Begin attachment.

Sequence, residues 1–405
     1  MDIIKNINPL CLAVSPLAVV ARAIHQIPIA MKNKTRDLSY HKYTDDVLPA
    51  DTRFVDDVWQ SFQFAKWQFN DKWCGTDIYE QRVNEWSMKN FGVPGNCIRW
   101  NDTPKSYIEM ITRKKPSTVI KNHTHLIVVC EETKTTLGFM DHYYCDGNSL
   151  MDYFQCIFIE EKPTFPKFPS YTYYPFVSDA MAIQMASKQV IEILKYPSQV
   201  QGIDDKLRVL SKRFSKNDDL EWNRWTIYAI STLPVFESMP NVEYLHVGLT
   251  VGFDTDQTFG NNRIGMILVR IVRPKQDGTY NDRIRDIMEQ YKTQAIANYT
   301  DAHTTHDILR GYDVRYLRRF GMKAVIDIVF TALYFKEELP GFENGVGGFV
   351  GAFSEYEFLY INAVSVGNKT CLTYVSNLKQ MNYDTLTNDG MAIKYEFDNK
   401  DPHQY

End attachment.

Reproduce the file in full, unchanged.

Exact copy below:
Sequence, residues 1–405
     1  MDIIKNINPL CLAVSPLAVV ARAIHQIPIA MKNKTRDLSY HKYTDDVLPA
    51  DTRFVDDVWQ SFQFAKWQFN DKWCGTDIYE QRVNEWSMKN FGVPGNCIRW
   101  NDTPKSYIEM ITRKKPSTVI KNHTHLIVVC EETKTTLGFM DHYYCDGNSL
   151  MDYFQCIFIE EKPTFPKFPS YTYYPFVSDA MAIQMASKQV IEILKYPSQV
   201  QGIDDKLRVL SKRFSKNDDL EWNRWTIYAI STLPVFESMP NVEYLHVGLT
   251  VGFDTDQTFG NNRIGMILVR IVRPKQDGTY NDRIRDIMEQ YKTQAIANYT
   301  DAHTTHDILR GYDVRYLRRF GMKAVIDIVF TALYFKEELP GFENGVGGFV
   351  GAFSEYEFLY INAVSVGNKT CLTYVSNLKQ MNYDTLTNDG MAIKYEFDNK
   401  DPHQY